cool idea, but it seems somewhat broad? something that could narrow this down could be picking a specific theme/celeb (like you say in the prompt) and examining that, while also synthesizing it to related themes/contexts if you so wish. any stats/additional credible information you could find on this topic supporting its increased prevalence would be useful! – r4 months ago
Analysis of how using a blogging platform can free the mind and creativity, as well as potentially even releasing writer’s block. Open to any other thoughts on where to take this.
I like this, but I would suggest a little clarification. What does it mean to "free the mind" and what is the advantage for writers? Can you find any concrete examples (i.e. quotes, statistics, examples of authors) that either support or do not support blogging as beneficial for writer's block? I think this could be a useful article for young writers. – Eden10 months ago
I agree with Eden that this needs to be more fully outlined, especially as there are many blogs used for a range of purpose, are you advocating the process of blogging about writing or just doing a blog in general? This is an interesting suggestion but obviously difficult to measure. – SaraiMW10 months ago
Since I won't be the one writing it, I decided to leave it up to whoever decides to, and let them have free reign on it. Sorry if it sounds kind of floppy, but I wasn't sure how to go about it. – sophiebernard10 months ago
I began blogging to release all the anxious thoughts that were piling up in my head. I found it much more cathartic than simply writing it in a notebook because submitting something to the internet makes it feel as though that thing has been taken out of your hands and released to strangers forever. – veritygrace10 months ago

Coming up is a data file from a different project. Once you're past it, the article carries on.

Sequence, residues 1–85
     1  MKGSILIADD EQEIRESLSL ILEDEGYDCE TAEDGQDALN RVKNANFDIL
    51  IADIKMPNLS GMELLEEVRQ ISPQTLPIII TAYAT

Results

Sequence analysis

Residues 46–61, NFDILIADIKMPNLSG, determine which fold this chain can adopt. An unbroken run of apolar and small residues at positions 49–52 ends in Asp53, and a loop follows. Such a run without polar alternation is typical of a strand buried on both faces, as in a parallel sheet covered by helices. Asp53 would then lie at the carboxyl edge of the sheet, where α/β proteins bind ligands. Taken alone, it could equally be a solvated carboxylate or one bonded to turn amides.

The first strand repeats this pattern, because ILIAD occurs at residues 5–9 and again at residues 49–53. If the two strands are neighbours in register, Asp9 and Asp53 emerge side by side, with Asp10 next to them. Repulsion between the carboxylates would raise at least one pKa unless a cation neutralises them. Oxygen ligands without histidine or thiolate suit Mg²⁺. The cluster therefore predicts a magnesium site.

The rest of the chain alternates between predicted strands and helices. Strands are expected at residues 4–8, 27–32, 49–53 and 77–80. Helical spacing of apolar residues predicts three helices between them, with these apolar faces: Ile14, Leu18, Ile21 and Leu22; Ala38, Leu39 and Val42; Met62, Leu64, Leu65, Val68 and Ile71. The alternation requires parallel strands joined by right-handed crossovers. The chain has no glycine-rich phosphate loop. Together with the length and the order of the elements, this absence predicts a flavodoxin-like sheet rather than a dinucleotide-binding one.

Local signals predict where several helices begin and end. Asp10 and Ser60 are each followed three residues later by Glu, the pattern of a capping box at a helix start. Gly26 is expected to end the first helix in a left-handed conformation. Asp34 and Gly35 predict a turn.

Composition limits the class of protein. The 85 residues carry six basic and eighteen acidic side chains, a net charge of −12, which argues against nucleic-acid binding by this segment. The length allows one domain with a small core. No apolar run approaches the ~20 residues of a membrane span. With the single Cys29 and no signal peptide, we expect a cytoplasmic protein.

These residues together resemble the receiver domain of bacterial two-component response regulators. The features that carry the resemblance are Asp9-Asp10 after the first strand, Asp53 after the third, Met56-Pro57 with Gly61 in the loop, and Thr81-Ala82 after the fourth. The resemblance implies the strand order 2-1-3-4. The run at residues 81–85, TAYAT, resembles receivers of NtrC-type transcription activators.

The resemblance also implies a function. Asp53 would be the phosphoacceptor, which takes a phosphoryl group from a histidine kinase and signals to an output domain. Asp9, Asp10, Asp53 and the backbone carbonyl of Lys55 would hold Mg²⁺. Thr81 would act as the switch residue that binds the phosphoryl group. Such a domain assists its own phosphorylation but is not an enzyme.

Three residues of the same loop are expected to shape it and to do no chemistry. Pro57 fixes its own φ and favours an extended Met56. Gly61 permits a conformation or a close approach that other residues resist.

A good idea-probably requires some theme, where the writing develops around some central issue or theme so readers see how it expands. – Joseph Cernik10 months ago
For whoever takes this, I might also suggest thinking about the social aspect of blogging. How might this help--or complicate things if someone lacks confidence or is shy when engaging with others online? – Emily Deibler9 months ago
I would recommend as a blogger myself discussing how blogging creates a community and an ability to network as well, which can catalyse this 'escape' – waveofsalt9 months ago
Do you mean blogging as in writing about day to day life for the world to read? Or do you mean blogging as in writing about one's passion? If you elaborate more on your view, it would help bring this piece together. – Dena Elerian6 months ago